In February 2013, a federal court judge ordered KPMG to turn over a list of (as yet) unidentified multimillionaire clients who placed their fortunes in an Isle of Man tax shelter scheme that the CRA is arguing is a "sham."
The CRA hoped to learn the scope of KPMG's "Offshore Company Structure" in order to identify potential tax cheats, as well as recoup millions in unpaid taxes and penalties.
But KPMG filed a court motion to quash the judge's order. For 30 months, the case known as Minister of National Revenue (MNR) vs KPMG has sat dormant before the court with no signs the top-tier accounting firm has handed over any list of wealthy clients. Neither the government nor KPMG has requested a court date to resolve the outstanding order of Justice Noel.
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According to court documents, the family essentially gave away the money to an arm's-length company that invested it and then "gifted" the proceeds back as non-taxable income.
In court, the CRA says the structure was a deliberate "sham" created to "deceive" federal tax authorities.
But when CRA won a court order in February 2013 to force KPMG to hand over a list of all multi-millionaire clients invested in the same Isle of Man plan, the accounting firm filed a court motion to overturn the judge's ruling.
Now, MNR vs KPMG remains mysteriously stalled.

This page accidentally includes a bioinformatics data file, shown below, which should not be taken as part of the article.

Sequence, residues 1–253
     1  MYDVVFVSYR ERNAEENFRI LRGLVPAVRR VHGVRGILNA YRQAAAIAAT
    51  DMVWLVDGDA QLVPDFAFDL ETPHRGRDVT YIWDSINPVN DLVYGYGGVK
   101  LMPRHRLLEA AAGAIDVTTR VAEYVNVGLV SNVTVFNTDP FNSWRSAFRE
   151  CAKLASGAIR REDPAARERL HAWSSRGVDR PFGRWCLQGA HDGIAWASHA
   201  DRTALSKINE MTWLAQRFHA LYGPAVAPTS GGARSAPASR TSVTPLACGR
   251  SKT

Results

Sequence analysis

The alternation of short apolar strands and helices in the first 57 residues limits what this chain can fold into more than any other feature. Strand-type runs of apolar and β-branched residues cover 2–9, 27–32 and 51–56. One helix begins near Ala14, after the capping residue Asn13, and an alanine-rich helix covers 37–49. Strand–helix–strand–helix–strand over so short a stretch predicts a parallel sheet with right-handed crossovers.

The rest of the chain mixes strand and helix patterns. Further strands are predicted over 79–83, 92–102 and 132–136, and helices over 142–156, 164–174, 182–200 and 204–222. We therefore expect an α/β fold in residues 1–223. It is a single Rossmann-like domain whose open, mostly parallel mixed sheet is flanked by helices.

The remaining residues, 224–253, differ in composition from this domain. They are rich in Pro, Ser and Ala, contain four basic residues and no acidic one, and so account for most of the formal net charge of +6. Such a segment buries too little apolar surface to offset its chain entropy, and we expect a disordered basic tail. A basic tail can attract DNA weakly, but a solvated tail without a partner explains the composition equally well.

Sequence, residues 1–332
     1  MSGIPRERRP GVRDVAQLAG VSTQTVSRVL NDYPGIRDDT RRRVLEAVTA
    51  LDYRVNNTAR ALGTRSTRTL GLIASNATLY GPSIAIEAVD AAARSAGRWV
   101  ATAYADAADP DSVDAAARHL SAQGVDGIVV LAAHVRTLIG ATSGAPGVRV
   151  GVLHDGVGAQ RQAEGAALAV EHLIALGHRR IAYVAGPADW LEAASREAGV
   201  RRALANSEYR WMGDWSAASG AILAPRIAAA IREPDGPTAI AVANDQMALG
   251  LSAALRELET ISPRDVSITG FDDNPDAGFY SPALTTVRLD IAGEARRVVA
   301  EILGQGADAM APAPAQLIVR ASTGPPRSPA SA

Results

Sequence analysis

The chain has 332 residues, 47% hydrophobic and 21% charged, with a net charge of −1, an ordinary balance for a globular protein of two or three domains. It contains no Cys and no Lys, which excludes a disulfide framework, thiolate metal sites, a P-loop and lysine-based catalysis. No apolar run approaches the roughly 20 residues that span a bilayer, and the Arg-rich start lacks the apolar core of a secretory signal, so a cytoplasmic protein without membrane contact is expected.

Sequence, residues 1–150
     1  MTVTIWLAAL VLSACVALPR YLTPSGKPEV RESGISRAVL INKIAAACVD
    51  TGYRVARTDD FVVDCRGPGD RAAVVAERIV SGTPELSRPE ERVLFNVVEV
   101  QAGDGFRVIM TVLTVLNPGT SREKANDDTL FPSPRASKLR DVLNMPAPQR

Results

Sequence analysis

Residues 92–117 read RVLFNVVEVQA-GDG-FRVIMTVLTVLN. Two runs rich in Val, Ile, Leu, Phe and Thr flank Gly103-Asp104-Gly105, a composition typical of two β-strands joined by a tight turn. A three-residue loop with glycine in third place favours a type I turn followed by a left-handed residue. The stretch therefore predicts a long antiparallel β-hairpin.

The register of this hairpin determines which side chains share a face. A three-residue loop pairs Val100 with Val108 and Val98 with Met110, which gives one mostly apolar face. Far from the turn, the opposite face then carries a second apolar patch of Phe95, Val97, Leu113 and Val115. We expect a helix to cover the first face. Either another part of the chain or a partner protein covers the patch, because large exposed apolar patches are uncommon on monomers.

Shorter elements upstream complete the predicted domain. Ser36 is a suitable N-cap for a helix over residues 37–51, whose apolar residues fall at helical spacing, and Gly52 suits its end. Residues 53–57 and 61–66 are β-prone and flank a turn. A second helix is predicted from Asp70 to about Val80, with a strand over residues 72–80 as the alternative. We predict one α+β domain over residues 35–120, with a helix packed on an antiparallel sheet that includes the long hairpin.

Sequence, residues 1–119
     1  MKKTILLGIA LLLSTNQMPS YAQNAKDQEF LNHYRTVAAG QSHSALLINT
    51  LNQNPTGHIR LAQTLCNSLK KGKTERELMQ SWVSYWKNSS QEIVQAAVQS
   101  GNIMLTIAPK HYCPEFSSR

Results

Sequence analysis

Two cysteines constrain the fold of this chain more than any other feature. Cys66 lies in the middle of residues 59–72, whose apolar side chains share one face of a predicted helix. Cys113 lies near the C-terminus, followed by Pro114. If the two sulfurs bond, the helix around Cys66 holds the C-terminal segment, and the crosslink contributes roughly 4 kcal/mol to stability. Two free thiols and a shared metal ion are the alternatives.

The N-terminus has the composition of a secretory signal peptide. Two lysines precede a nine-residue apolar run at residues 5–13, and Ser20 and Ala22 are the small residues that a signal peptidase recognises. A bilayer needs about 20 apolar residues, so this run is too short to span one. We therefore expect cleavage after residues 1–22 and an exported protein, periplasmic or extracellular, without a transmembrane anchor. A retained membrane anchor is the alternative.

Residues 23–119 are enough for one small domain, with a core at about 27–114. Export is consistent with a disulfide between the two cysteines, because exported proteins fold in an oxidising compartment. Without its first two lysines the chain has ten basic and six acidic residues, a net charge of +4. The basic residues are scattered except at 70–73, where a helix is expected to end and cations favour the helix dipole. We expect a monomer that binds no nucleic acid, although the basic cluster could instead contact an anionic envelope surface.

A variety of tax experts have told CBC News major accounting firms in Canada are watching the KPMG case closely, concerned about possible precedents, taxpayer privacy and potential exposure to third-party penalties.
"They're nervous," Howlett told CBC News.
"If the government wins this case or gets the evidence they need to pursue another case against KPMG, then this whole house of cards of sham companies and offshore banking is going to come tumbling down."
CBC News consulted a variety of tax experts who say KPMG Canada could face civil "culpable conduct" penalties if the CRA determines the firm helped wealthy taxpayers concoct an illegitimate offshore scheme to avoid paying Canadian taxes.
Under Canadian law, any third party that helps a taxpayer set up a "sham" tax strategy may itself face penalties of 50 per cent of the taxes avoided. In KPMG's case, those penalties could add up quickly, depending on the number of clients that used the alleged Isle of Man tax avoidance structure.
At least one observer says time is running out if the CRA wants to collect all the monies it may be owed.
Michael Hamersley, a former KPMG U.S. lawyer turned whistleblower, says that if the CRA allegations hold up in court, that would show that the government should have acted more promptly.
"The longer this goes, the smaller the chance to capture the full universe of abuse," Hamersley told CBC News after reviewing documents in the case.